The Yuk Bug is the creation of Al Troth, who is best known for his Elk-Hair Caddis dry fly. But before he moved to Montana from his native Pennsylvania in 1973, Troth was probably familiar with Russell Blessing’s Woolly Bugger. In tying the Yuk Bug, Troth retained the Bugger’s the chenille body and grizzly hackle, but substitute squirrel for the tail and added rubber legs. The result is a super-buggy fly that can be fished in many ways, in both cold and warm water.
In this week’s great video from Tim Flagler of Tightline Productions, he walks you through the steps for creating this useful pattern. As usual, Tim offers some helpful methods to make the tying process easier, including how to secure the slippery squirrel-tail fur. I also like the way he holds the rubber legs out of the way with thread wraps. Tie up a few of these monstrosities, and see if the bass, trout, and pike in your local waters don’t gobble them up.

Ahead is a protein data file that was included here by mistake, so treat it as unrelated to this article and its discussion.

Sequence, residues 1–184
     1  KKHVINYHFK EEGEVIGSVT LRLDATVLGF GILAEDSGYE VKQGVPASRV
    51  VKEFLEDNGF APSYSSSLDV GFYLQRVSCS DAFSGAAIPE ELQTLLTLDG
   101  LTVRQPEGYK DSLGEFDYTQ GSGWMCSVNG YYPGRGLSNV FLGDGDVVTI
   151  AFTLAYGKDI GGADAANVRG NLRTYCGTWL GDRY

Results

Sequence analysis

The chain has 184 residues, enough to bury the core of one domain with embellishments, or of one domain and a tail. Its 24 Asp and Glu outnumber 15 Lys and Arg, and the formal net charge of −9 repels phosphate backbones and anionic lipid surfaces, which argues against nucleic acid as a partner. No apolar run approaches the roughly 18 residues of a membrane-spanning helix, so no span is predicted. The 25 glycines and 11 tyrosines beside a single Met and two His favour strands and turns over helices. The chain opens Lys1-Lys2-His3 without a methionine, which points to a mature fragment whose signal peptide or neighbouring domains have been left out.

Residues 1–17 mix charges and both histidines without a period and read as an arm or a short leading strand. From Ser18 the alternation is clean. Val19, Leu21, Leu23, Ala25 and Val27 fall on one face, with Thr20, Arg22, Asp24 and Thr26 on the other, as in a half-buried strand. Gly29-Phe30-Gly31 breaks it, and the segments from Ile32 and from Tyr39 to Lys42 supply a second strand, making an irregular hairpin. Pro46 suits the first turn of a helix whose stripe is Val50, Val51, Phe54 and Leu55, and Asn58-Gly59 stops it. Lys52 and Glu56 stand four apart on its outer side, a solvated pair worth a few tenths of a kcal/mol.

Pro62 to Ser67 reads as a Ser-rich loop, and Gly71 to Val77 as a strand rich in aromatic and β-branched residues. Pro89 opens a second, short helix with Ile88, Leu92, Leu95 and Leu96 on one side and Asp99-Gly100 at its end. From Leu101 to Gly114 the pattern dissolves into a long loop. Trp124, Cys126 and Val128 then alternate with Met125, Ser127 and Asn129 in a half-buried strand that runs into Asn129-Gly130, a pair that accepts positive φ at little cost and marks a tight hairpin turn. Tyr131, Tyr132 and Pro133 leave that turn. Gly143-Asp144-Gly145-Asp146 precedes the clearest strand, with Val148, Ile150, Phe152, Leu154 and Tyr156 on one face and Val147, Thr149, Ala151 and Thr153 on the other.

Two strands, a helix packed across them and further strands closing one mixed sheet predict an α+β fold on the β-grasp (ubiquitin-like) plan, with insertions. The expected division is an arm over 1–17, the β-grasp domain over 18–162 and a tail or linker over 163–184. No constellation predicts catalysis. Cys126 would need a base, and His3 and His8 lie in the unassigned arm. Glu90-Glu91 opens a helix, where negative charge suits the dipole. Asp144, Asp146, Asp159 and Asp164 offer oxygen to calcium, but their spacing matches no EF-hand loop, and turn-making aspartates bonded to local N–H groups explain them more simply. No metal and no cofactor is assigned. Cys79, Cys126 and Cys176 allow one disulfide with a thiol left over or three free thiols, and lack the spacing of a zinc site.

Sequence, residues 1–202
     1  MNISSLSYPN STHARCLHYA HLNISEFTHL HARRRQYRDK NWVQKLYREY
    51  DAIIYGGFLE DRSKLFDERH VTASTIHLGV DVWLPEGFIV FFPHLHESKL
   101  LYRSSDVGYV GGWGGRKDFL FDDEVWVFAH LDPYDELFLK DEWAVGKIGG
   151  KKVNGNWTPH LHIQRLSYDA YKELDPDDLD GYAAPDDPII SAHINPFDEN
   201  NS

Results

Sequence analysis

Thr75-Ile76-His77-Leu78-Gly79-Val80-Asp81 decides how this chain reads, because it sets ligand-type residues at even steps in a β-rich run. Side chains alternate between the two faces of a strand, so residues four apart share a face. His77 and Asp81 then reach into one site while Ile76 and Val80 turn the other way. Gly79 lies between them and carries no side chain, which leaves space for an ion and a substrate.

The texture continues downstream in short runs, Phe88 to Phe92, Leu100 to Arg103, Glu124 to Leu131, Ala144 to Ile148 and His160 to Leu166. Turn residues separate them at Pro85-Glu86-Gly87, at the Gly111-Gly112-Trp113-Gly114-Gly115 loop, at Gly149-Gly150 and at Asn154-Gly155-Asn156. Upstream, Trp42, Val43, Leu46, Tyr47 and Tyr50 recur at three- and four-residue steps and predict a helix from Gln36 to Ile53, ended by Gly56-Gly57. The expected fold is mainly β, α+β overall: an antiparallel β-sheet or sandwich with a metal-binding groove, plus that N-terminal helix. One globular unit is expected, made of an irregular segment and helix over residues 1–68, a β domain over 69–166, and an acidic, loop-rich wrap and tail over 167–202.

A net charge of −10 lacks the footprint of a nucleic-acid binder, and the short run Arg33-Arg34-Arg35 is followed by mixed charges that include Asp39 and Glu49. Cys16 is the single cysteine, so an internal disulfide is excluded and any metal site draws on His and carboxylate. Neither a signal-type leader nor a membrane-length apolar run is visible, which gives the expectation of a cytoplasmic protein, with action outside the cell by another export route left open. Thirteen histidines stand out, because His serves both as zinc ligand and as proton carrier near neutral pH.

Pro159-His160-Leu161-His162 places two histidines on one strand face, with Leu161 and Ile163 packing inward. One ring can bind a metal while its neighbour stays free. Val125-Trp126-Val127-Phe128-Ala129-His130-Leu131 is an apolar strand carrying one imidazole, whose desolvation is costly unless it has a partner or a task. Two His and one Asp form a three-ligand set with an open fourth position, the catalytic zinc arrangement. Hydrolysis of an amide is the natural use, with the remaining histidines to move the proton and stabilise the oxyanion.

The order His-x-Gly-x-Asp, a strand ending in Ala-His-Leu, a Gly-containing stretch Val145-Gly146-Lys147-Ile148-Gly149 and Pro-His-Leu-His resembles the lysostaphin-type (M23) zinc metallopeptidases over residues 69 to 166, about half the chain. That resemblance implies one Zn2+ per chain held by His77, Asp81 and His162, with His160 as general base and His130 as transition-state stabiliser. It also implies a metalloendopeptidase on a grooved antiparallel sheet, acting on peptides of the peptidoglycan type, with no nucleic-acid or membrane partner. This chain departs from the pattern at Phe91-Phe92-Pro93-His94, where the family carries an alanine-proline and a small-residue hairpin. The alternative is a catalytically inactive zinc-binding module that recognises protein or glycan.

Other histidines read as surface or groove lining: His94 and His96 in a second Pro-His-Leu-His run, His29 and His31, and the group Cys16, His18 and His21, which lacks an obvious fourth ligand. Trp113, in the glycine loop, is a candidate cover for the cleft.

Hook: Down-eye salmon hook (here a Daiichi 2117), size 4-8.
Thread: Black, 6/0 or 140-denier.
Tails: Natural gray squirrel-tail fur.
Adhesive #1: Superglue (here, Fly Tyers Z-Ment).
Body: Black chenille, medium.
Legs: White round rubber legs, medium.
Hackle: Ginger grizzly saddle hackle.
Head: Black tying thread.
Adhesive #2: Head cement (here, Sally Hansen Hard-As-Nails).
Note: Add weight with a black conehead or an underbody of .020 lead-free round wire.